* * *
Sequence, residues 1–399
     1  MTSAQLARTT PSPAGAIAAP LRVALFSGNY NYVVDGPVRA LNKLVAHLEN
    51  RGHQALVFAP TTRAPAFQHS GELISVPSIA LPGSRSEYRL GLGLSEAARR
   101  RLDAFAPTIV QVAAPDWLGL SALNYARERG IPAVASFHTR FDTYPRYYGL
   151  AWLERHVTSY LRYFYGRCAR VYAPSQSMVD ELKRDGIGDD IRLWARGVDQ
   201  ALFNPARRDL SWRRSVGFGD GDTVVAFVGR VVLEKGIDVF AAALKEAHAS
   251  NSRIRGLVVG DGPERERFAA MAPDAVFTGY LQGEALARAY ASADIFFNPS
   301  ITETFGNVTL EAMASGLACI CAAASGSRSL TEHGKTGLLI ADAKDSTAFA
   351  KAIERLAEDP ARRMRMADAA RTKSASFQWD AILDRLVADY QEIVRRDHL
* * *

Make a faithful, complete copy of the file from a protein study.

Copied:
Sequence, residues 1–399
     1  MTSAQLARTT PSPAGAIAAP LRVALFSGNY NYVVDGPVRA LNKLVAHLEN
    51  RGHQALVFAP TTRAPAFQHS GELISVPSIA LPGSRSEYRL GLGLSEAARR
   101  RLDAFAPTIV QVAAPDWLGL SALNYARERG IPAVASFHTR FDTYPRYYGL
   151  AWLERHVTSY LRYFYGRCAR VYAPSQSMVD ELKRDGIGDD IRLWARGVDQ
   201  ALFNPARRDL SWRRSVGFGD GDTVVAFVGR VVLEKGIDVF AAALKEAHAS
   251  NSRIRGLVVG DGPERERFAA MAPDAVFTGY LQGEALARAY ASADIFFNPS
   301  ITETFGNVTL EAMASGLACI CAAASGSRSL TEHGKTGLLI ADAKDSTAFA
   351  KAIERLAEDP ARRMRMADAA RTKSASFQWD AILDRLVADY QEIVRRDHL